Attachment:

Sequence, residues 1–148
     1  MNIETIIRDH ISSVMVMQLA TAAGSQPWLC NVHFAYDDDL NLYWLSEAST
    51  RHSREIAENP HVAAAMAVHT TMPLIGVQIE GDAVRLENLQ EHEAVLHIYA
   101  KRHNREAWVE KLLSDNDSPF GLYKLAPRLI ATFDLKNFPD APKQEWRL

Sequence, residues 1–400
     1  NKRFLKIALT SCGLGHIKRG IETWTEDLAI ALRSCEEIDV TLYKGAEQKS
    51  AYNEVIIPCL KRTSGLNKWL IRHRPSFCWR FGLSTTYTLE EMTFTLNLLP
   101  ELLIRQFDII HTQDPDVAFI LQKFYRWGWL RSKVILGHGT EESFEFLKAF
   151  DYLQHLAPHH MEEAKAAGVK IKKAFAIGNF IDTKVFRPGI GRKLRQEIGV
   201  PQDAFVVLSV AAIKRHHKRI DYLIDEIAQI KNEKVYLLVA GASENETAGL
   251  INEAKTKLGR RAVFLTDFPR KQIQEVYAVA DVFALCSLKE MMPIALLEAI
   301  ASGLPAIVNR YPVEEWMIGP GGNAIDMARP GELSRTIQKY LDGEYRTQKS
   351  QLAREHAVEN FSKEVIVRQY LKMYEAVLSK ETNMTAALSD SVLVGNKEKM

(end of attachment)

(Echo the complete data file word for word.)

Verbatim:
Sequence, residues 1–148
     1  MNIETIIRDH ISSVMVMQLA TAAGSQPWLC NVHFAYDDDL NLYWLSEAST
    51  RHSREIAENP HVAAAMAVHT TMPLIGVQIE GDAVRLENLQ EHEAVLHIYA
   101  KRHNREAWVE KLLSDNDSPF GLYKLAPRLI ATFDLKNFPD APKQEWRL

Sequence, residues 1–400
     1  NKRFLKIALT SCGLGHIKRG IETWTEDLAI ALRSCEEIDV TLYKGAEQKS
    51  AYNEVIIPCL KRTSGLNKWL IRHRPSFCWR FGLSTTYTLE EMTFTLNLLP
   101  ELLIRQFDII HTQDPDVAFI LQKFYRWGWL RSKVILGHGT EESFEFLKAF
   151  DYLQHLAPHH MEEAKAAGVK IKKAFAIGNF IDTKVFRPGI GRKLRQEIGV
   201  PQDAFVVLSV AAIKRHHKRI DYLIDEIAQI KNEKVYLLVA GASENETAGL
   251  INEAKTKLGR RAVFLTDFPR KQIQEVYAVA DVFALCSLKE MMPIALLEAI
   301  ASGLPAIVNR YPVEEWMIGP GGNAIDMARP GELSRTIQKY LDGEYRTQKS
   351  QLAREHAVEN FSKEVIVRQY LKMYEAVLSK ETNMTAALSD SVLVGNKEKM